cuBLAS sgemm is slow

Hello, I’m using cuBLAS in my deep learning application and facing a performance issue.

In my application, I do matrix multiplication for forwarding in a neural network,
MatrixA(2x23880) x MatrixB(23880x32), but it is very slow.
The sgemm invocation is like:
cublasSgemm(cublasHandle, CUBLAS_OP_N, CUBLAS_OP_N,
2, 32, 238800, 1.0f, W, 2, x, 238800,
1.0f, y, 2);
nvvp says it is because cuBLAS sets a too small grid size.

On the other hand, the backward is fast where we do multiplication
MatrixA(23880x2) x MatrixB(2x32).
The invocation is like
cublasSgemm(cublasHandle, CUBLAS_OP_T, CUBLAS_OP_N, 238800, 32, 2,
1.0f, W, 2, outGrad, 2, zero, inGrad, 238800);

W is a matrix 2x23880.
In the first case, the sgemm takes around 50ms, but it takes less than 1ms in the second case.

Can anyone give me a suggestion why the performances are so different and how to improve the performance of the first case?

The performance of parallelized GEMM is typically best when matrices are square(-ish). Here we have extreme aspect ratios for the matrices making this case closer to matrix-vector computation; performance anomalies are to be expected.

A classical parallelization technique for GEMM is to use one thread to produce each element of the result matrix. Here we have matrixC (2x32) in the first case, and matrixC (238800x32) in the second case, with the latter providing much more “natural” parallelism.

Even if CUBLAS treats the first case a little bit more intelligently by using multiple threads to compute one result matrix element and using a reduction at the end, the actual parallelism will still tend to be significantly less than in the second case. The small grid size is an expression of that.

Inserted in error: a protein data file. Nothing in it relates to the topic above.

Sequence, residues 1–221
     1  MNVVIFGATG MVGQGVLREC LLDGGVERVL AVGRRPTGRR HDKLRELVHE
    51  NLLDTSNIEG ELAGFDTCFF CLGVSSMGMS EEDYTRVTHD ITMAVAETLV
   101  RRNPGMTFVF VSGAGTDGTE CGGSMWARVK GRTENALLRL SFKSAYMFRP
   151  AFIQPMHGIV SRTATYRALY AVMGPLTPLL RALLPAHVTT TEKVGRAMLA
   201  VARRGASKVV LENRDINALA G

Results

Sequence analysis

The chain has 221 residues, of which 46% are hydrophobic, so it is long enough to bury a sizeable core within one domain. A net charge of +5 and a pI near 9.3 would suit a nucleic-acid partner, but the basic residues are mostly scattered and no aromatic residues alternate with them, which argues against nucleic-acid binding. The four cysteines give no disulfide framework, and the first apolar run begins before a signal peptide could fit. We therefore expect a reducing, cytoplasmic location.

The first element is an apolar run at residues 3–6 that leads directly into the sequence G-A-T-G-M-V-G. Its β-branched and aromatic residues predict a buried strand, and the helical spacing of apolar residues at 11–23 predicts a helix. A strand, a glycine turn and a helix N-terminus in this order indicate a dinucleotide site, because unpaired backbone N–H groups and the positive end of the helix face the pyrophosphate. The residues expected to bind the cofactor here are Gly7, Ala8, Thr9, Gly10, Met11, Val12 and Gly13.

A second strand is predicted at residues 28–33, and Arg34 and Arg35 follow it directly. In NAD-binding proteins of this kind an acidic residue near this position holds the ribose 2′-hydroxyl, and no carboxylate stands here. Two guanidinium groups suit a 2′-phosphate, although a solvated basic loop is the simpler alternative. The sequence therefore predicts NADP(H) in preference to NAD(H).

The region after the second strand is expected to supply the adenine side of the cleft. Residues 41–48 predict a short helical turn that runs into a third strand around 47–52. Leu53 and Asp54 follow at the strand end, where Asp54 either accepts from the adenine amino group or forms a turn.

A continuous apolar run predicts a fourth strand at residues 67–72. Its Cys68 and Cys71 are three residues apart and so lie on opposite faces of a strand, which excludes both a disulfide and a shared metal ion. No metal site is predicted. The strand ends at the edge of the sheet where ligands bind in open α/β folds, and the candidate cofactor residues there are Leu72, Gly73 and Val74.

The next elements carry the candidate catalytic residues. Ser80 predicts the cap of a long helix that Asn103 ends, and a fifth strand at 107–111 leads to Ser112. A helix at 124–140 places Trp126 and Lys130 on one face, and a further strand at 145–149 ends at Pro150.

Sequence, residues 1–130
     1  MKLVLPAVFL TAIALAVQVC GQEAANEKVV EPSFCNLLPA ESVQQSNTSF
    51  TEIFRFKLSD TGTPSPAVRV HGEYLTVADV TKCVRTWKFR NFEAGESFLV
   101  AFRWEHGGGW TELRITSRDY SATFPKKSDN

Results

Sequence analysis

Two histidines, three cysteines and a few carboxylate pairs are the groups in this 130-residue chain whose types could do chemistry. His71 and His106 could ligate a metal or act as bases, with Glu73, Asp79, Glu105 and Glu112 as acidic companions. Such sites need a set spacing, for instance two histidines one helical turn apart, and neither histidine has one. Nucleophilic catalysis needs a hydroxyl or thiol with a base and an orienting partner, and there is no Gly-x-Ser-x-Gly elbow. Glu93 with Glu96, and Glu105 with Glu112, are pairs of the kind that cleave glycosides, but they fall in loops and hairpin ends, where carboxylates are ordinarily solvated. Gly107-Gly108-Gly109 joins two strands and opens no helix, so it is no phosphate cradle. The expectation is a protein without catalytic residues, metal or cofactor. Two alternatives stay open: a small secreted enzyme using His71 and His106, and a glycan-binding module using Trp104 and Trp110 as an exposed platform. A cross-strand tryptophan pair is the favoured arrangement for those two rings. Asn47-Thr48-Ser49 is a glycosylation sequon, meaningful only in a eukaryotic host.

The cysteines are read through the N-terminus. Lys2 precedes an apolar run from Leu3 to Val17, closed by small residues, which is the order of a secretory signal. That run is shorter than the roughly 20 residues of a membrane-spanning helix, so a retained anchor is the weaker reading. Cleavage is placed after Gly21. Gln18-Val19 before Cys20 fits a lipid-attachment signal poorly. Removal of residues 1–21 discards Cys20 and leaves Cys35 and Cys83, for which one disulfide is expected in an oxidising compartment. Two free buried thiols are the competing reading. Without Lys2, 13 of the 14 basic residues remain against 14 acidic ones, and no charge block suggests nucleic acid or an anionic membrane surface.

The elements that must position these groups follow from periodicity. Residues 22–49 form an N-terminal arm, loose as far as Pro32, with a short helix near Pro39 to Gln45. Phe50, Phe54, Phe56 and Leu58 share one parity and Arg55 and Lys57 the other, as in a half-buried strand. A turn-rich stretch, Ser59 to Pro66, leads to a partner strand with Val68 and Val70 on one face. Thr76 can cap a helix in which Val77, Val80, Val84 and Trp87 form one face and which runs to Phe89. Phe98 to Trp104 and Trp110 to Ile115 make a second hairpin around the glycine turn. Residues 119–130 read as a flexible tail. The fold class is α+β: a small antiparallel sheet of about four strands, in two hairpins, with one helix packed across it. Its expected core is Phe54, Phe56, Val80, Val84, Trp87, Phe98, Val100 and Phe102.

Does nvvp show the exact grid dimension and thread-block sizes? Computing the total number of threads for the two cases will likely be instructive.

Thank you for your comment, njuffa.
I understand that there is no easy way to improve the performance.

I checked the grid/block sizes with nvvp.
In the second (slow) case, Grid size=[1,1,1], block size=[8,8,1]
In the second (fast) case, Grid size=[3732,1,1], block size=[8,16,1]

Your comment explains this result.
Thank you again for your kind help.

In practical terms, if you aren’t using CUDA 8.0 yet, you would want to try that, as newer version are likely to me more highly optimized than older version.

While this case may be difficult to accelerate, it might still make sense to file an enhancement request with NVIDIA, especially if there is reason to believe that cases like this are common in deep learning. As you probably are aware, NVIDIA is pursuing the deep learning market with vigor, so they are more likely to be receptive to enhancement requests arising in that context.

Enhancement requests can be filed via the bug reporting form linked directly from the CUDA registered developer website. Simply prefix the bug synopsis with “RFE:” to mark it as an enhancement request.

I’m using CUDA 8. When they update CUDA, I will try and profile again.
I sent a report about this with the prefix “RFE:” and it was filed as #1950006.

Thank you for your suggestion.